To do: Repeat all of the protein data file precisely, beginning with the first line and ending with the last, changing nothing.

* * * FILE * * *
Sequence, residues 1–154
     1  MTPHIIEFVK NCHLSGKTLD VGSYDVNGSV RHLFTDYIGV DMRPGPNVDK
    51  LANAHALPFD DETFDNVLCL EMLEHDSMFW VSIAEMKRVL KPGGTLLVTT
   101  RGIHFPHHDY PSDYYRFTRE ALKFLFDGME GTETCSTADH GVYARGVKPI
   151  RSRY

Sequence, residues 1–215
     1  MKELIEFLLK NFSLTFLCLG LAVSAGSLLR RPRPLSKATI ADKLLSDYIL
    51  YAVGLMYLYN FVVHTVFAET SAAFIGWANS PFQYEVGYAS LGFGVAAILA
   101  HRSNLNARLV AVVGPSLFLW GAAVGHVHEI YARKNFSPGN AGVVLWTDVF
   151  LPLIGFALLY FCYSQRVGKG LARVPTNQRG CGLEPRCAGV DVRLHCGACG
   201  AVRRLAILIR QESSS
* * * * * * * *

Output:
Sequence, residues 1–154
     1  MTPHIIEFVK NCHLSGKTLD VGSYDVNGSV RHLFTDYIGV DMRPGPNVDK
    51  LANAHALPFD DETFDNVLCL EMLEHDSMFW VSIAEMKRVL KPGGTLLVTT
   101  RGIHFPHHDY PSDYYRFTRE ALKFLFDGME GTETCSTADH GVYARGVKPI
   151  RSRY

Sequence, residues 1–215
     1  MKELIEFLLK NFSLTFLCLG LAVSAGSLLR RPRPLSKATI ADKLLSDYIL
    51  YAVGLMYLYN FVVHTVFAET SAAFIGWANS PFQYEVGYAS LGFGVAAILA
   101  HRSNLNARLV AVVGPSLFLW GAAVGHVHEI YARKNFSPGN AGVVLWTDVF
   151  LPLIGFALLY FCYSQRVGKG LARVPTNQRG CGLEPRCAGV DVRLHCGACG
   201  AVRRLAILIR QESSS